Posted June 17, 2020
Top photo by Lewis Zeigler
The expectation South Carolinians will wear face masks to combat the spread of the coronavirus is a divisive one on social media, according to the University of South Carolina Social Media Insights Lab.
The lab analyzed more than 56,000 posts about COVID-19 made since the beginning of June and found the volume of comments about masks now has surpassed posts about new cases. Also, mask comments are the most opinionated.
“People are concerned about new cases, but they are angry about masks,” said Kaitlyn Park, Insights Lab manager. “We found more anger, fear and disgust associated with masks than with any other subject related to COVID-19.”
Those emotions cannot be easily categorized. Some people are angry about having to wear a mask; others are angry about people not wearing masks.
A deeper analysis of posts specifically about the possibility mask usage might be required in some circumstances shows 52 percent support the idea, 17 percent were opposed and 30 percent did not express an opinion. One part of this conversation involves whether restaurant employees should be required to wear face coverings. In analyzing 174 posts on this question since June 1, the lab found a split of opinion with slightly more users supporting mask usage.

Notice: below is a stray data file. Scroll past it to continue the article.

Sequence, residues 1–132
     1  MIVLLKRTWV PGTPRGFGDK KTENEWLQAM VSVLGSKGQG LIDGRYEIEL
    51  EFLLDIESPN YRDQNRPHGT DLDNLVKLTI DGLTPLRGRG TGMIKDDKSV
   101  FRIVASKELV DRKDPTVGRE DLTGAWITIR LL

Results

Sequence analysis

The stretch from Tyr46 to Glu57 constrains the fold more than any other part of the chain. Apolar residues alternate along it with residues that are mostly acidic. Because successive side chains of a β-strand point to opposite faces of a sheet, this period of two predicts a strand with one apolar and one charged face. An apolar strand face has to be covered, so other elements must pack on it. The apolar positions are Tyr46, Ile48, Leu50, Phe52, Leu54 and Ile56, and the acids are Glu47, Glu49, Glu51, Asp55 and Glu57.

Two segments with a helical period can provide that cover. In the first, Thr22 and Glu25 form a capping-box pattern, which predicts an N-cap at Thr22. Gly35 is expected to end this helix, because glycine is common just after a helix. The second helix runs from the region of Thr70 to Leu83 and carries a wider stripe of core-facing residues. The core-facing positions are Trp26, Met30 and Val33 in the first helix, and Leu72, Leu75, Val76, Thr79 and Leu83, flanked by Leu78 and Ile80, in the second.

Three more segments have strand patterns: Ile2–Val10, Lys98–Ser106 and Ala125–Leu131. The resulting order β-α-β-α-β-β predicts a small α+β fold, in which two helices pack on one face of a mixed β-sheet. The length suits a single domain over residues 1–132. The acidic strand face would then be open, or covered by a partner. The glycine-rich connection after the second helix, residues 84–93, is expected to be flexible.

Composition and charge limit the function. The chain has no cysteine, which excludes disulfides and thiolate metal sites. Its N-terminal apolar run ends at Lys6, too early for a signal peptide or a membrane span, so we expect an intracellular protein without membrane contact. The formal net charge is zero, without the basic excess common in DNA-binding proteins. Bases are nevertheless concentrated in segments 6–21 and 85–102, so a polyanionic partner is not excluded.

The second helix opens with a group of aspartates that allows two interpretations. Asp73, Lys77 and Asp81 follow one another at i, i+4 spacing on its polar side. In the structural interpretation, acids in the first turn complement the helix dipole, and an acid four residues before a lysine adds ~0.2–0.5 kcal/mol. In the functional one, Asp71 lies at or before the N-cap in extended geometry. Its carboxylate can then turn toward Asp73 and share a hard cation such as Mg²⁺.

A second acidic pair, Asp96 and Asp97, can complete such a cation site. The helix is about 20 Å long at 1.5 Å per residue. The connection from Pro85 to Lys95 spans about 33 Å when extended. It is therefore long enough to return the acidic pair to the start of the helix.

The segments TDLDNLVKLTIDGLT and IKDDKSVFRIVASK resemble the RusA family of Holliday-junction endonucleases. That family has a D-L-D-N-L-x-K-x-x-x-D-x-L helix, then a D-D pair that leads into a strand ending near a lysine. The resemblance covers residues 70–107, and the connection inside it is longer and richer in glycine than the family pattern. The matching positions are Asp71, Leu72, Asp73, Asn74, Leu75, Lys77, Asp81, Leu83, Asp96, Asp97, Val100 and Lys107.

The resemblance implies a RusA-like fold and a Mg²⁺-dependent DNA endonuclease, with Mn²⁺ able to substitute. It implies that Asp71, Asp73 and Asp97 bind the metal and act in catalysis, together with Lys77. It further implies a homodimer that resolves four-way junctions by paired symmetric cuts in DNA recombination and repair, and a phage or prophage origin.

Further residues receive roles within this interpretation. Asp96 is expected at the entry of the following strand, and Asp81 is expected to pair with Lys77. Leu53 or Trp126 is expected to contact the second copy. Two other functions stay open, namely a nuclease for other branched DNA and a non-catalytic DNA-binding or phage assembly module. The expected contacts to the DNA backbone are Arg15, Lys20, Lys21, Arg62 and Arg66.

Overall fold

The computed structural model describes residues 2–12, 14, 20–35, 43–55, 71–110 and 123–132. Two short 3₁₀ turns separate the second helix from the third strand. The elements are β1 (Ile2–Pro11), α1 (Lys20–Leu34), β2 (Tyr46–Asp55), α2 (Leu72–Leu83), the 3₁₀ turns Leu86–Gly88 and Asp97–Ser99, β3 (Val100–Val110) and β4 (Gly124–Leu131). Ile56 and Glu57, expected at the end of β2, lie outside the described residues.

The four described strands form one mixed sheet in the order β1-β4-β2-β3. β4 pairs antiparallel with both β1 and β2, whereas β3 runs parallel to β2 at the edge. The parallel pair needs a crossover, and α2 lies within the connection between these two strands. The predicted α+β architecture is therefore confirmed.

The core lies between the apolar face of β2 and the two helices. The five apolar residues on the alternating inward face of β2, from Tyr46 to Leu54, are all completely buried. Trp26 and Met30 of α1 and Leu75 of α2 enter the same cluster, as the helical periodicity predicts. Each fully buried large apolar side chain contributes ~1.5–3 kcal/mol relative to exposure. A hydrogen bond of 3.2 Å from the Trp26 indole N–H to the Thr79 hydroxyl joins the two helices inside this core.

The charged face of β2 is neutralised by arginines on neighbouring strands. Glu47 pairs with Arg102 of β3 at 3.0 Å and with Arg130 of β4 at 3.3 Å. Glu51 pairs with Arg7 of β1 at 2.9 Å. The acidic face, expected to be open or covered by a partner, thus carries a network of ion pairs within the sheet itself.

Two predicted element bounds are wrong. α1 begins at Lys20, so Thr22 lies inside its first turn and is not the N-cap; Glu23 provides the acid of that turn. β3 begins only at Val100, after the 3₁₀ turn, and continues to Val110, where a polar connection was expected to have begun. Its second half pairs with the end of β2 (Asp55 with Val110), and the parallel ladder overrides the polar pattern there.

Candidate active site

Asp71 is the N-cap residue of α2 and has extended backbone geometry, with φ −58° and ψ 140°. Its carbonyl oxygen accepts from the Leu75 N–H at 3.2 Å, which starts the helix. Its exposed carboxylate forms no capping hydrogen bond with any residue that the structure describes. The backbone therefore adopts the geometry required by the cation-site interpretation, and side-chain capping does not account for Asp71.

Among those who do not support requiring restaurant employees to mask up, business and personal freedom were major topics of discussion. Others said they only would eat in a restaurant if everyone working there was wearing masks. Some comments came from outside South Carolina from people disappointed with the state’s laissez fare attitude about masks.
About the Social Media Insights Lab
The lab is part of the College of Information and Communications. It is used for teaching, academic research and public reports intended to help people better understand issues of the day.
How is sentiment calculated?
The lab uses software developed by Crimson Hexagon, now known as BrandWatch following a merger. The software gauges the emotional tone of conversations using auto-sentiment artificial intelligence technology. This feature is useful for identifying patterns within large sets of social media data, but it should be noted that auto-sentiment has its limits. For example, it does not always recognize sarcasm, nor does it account for posts which may express more than one emotion.